The day before the “Brexit” vote, when British citizens will decide whether to remain in the European Union, they were in London initially to pass out croissants fresh off the Paris train to convince their still-European compatriots not to leave the E.U. [...] “Our aim was never to affect votes,” she said. “I think we’re all aware that this campaign has been incredibly divisive, that there’s been so much anger, and we just wanted to do something that had positivity and friendship at its heart.”
The Old World is losing its “soft power”, its positive radiance and magnetism, as the support for the so-called “Brexit” becomes the symbol for the fear and rampant populism across the Continent. The Portland think tank’s “Soft Power Index” this year also found signs of Europe’s slide. The US has replaced Britain at the top and Germany has fallen from second to third place. And Canada bumped France down to fifth place.
Angry that only Americans can vote against Donald Trump? Bristling for a Brexit ballot though you’re not British? Now there’s a website that gives everyone worldwide the chance to cast their ballot. Global Vote is the brainchild of Simon Anholt, a U.K. independent policy adviser who has worked with leaders of more than 50 countries. The global vote is part of his Good Country movement, which aims to improve leadership for the good of humanity.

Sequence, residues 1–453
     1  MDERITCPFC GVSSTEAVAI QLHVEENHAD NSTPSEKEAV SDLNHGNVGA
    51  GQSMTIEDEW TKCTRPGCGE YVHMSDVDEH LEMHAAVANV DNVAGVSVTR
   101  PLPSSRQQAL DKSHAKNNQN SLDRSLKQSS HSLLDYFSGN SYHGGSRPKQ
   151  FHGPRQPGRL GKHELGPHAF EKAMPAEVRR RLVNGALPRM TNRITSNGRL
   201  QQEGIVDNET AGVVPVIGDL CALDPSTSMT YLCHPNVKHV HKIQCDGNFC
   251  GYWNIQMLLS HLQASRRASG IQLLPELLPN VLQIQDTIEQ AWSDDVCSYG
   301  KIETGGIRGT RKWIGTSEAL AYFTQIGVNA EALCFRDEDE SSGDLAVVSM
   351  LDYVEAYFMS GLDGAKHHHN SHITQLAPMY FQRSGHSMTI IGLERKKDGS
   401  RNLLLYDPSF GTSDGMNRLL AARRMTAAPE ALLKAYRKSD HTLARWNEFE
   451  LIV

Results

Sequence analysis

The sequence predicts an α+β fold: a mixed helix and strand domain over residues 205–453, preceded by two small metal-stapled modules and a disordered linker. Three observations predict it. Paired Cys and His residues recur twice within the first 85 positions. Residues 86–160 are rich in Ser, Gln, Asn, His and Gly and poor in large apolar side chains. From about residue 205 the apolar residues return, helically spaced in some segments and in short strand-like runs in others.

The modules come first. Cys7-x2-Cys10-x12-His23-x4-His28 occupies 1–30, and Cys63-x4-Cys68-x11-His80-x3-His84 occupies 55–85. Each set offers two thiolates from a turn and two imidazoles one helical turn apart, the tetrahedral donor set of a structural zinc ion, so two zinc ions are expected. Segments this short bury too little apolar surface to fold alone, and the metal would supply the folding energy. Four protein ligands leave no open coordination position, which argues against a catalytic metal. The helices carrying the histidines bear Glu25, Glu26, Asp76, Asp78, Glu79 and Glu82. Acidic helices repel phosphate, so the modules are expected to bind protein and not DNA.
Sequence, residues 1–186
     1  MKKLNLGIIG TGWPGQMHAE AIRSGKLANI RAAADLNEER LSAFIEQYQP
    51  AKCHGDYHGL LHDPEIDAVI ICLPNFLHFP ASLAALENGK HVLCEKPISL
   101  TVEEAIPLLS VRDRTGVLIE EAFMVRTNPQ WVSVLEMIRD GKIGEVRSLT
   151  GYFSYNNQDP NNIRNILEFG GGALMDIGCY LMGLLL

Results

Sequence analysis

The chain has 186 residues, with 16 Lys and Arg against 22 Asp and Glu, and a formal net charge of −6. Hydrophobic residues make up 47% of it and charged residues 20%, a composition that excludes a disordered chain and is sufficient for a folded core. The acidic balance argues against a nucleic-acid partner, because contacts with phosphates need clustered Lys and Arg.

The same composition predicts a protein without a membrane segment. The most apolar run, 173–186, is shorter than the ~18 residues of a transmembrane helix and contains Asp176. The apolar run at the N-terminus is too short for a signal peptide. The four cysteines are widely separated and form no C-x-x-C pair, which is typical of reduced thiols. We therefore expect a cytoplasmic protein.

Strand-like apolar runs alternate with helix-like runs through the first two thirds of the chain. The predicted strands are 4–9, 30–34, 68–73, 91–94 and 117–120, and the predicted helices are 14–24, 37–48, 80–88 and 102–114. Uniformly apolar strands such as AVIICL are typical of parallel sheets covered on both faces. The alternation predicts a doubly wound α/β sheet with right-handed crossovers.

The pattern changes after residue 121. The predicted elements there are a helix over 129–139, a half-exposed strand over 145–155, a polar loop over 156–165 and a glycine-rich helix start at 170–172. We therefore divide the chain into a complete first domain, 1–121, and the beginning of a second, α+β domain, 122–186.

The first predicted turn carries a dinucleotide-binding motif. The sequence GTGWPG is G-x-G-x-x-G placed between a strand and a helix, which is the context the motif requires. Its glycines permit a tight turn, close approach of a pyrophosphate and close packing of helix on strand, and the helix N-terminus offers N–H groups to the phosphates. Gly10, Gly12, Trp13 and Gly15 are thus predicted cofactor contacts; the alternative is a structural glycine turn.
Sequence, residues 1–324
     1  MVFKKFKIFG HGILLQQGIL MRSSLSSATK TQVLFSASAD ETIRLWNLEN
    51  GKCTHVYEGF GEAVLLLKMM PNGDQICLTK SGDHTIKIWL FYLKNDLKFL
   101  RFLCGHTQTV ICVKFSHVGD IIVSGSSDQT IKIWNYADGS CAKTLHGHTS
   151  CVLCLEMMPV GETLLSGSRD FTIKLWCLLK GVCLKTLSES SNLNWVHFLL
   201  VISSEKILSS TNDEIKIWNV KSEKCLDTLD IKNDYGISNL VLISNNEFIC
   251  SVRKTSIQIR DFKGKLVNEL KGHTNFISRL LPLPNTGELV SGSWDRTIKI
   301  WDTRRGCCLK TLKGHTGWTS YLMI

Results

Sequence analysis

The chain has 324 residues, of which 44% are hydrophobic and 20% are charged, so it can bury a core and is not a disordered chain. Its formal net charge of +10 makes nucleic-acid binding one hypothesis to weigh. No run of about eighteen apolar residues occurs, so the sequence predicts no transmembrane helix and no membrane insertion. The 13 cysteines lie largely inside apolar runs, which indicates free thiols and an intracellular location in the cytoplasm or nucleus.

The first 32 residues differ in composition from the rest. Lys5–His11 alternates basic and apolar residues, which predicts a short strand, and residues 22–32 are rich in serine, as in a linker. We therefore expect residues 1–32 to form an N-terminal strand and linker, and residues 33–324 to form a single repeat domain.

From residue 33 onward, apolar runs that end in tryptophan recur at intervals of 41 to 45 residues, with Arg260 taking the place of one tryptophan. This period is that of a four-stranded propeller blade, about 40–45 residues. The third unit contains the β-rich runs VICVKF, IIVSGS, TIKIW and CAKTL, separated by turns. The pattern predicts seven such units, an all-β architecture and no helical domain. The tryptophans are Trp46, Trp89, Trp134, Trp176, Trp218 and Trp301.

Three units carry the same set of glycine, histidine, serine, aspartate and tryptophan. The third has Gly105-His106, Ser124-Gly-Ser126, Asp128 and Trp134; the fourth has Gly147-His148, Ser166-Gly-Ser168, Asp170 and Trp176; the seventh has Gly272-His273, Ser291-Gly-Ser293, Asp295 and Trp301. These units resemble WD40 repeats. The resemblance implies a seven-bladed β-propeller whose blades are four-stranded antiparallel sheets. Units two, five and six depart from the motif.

Last Wednesday afternoon, four thousand miles away, Wolfgang Tillmans slouched at his desk. The photographer had Skyped me from the apartment above his Berlin studio, to discuss the poster campaign he’d released that day against “Brexit,” the British referendum on quitting the European Union, slated for June 23rd. […] if the E.U. is to survive, Tillmans said, it must become fashionable.
From the earliest moments of Barack Obama’s candidacy for president, there was an interesting debate about whether he would enhance America’s soft power in the world or not. Over the past eight years there have certainly been some data points that offer evidence of Obama’s soft power — but there has also been a legitimate debate about whether it means all that much for American foreign policy.
Brexit is in many ways just the British manifestation of the broader problem that the EU has never solved: There is a common European institution, but not a common European identity. [...] Obsessed with its own internal problems, it will fail to take the lead in standing up to Russia, it will fail to contribute to security in Africa or the Middle East...